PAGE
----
“I focused on a reasonable platform that administrators are already fans of,” she said, citing ideas like placing sexual assault resources on the back of GWorld cards and making sexual assault resources more accessible to students.
Taking on past priorities
A trend in focusing on student space has transitioned to a spotlight on wellness issues. Former president Julia Susuni ran on bringing health services to campus in 2012, and Gumas highlighted creating a peer-counseling program throughout his campaign.
The same six issues were included in the platforms of least two of the six candidates running for executive positions. The most popular topics were improving the University’s counseling services, making changes to GW’s dining options and creating an affirmative consent policy.
At least three executive candidates touted their ability to help oversee the rollout of Gumas’ signature peer-support program.
Pryde said he included so many platform points because he wanted to at least lay the groundwork for future SA presidents, like Susuni did for Gumas and Gumas did for next year’s president.
He said his platform was a combination of short-, medium- and long-term goals, and the points that have already been discussed among GW’s leaders are the ones on which he expects to make the most progress.
John Bennett, who ran for president in 2012, said it’s also important for candidates to see which policies they can transfer from the last administration to their own. He lost his election, but after serving as the chair of the SA Senate finance committee, he was appointed to an executive cabinet post.
“We see in politics that policy flows from one administration to the other, and that’s true for the SA to some extent,” he said. “You run into impenetrable barriers but there are certain components you can get done in a platform as soon as you get there.”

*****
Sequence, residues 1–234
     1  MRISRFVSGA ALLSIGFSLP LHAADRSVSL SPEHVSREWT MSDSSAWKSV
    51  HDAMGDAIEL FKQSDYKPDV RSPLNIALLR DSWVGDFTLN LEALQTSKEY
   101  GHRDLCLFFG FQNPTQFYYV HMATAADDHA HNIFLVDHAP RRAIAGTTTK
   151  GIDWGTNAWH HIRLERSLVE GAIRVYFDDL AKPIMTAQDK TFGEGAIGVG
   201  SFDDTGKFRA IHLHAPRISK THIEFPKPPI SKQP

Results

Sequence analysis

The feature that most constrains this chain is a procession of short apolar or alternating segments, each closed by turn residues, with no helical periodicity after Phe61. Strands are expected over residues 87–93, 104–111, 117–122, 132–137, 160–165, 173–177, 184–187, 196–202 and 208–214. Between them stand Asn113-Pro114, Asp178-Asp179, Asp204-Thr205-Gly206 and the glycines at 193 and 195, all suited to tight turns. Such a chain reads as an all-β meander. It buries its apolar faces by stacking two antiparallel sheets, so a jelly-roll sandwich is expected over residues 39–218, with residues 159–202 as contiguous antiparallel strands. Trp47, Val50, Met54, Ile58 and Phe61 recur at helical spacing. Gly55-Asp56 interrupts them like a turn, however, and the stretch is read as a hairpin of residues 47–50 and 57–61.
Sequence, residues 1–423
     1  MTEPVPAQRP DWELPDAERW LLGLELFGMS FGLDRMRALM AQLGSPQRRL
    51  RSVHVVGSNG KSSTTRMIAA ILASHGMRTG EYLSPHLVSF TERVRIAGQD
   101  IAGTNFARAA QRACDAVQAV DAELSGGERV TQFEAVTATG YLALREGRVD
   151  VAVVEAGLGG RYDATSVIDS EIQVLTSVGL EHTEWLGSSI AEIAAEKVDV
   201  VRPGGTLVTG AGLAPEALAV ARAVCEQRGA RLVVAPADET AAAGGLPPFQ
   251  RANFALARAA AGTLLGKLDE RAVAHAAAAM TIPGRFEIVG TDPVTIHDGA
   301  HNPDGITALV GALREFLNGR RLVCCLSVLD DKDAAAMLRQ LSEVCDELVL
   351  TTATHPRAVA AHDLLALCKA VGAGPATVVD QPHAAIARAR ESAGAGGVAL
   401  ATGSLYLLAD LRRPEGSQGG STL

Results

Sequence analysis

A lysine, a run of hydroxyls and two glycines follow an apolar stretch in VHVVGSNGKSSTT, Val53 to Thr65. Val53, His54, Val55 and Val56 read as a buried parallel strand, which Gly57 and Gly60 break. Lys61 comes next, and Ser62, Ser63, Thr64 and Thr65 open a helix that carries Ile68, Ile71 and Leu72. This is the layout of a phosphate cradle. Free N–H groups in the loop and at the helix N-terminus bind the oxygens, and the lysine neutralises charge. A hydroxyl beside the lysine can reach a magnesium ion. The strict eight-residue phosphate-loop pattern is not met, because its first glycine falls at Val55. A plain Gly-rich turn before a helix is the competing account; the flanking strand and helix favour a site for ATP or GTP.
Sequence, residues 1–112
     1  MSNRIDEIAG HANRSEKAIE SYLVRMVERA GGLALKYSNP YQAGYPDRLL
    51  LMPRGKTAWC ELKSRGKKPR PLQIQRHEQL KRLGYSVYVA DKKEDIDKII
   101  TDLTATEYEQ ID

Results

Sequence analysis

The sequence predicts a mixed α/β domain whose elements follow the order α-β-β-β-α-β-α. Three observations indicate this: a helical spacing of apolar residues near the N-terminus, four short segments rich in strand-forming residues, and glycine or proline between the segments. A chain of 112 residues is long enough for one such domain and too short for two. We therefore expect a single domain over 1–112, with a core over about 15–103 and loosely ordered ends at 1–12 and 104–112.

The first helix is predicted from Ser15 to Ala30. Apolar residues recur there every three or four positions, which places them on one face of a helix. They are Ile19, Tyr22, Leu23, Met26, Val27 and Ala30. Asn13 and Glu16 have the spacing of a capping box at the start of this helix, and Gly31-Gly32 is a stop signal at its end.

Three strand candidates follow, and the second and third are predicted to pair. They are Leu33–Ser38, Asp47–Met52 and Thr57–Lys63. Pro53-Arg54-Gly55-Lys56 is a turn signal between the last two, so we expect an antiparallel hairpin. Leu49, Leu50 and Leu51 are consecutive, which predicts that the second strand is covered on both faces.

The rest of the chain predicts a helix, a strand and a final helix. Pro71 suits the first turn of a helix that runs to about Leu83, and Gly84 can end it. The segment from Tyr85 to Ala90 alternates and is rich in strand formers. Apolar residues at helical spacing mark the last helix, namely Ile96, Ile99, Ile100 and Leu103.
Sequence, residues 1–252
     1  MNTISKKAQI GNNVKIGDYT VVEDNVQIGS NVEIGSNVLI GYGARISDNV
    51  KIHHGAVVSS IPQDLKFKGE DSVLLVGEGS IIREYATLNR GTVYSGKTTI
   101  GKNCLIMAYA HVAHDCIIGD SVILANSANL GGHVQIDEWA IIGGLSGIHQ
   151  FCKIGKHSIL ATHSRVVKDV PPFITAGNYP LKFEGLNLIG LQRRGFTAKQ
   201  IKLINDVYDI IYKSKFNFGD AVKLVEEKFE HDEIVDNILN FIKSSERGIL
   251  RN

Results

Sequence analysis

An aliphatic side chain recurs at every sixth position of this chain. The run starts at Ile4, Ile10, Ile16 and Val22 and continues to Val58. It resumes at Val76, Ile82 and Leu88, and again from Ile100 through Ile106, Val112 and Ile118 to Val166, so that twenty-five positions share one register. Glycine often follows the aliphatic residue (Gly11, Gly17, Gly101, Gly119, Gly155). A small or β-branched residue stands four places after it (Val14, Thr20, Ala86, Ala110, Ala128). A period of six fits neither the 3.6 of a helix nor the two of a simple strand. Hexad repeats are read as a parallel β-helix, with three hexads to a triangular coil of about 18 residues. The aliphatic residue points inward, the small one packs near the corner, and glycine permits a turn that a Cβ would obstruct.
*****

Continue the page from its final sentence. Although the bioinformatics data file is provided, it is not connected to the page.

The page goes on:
Previous successful strategies
Gumas said research was essential to determine what is possible to actually get done during the year long term. He said he didn’t consider candidates running on supporting existing policies to have agendas that would be effective for a leader of the student body.
“I think there’s a difference between an administrator actively working on a project and a policy that’s already there, and I think we have examples of both going on here,” he said about this year’s candidates’ platforms.
A snapshot of the platform points that are already in place on campus include Alex Cho’s support of the GW Housing Bill of Rights, which has been in place for almost two years, and Pryde’s idea of a partnership between the University Counseling Center and the Meltzer Center, a mental health training program staffed by psychology students, already exists.
Former SA president Ashwin Narla said he used campus publications to research his platform and spoke with administrators in the division of student affairs to find out what policies already existed and which ones needed to be improved.
He said if a candidate can take an initiative the University is already working on and spin it into a platform point, it can be an effective way to get more programs and changes implemented more quickly.
As president, Narla created a University-wide calendar, oversaw a student fee increase to boost the SA’s budget for student organization allocations and helped to bring in changes to student space in the Marvin Center proposed by John Richardson, the previous president.
“One of the most difficult things at GW is how slowly things get done,” he said. “It’s smart to think, for a platform, if the University is trying to get that going, trying to push that through as president.”
Zach Bernsten contributed reporting.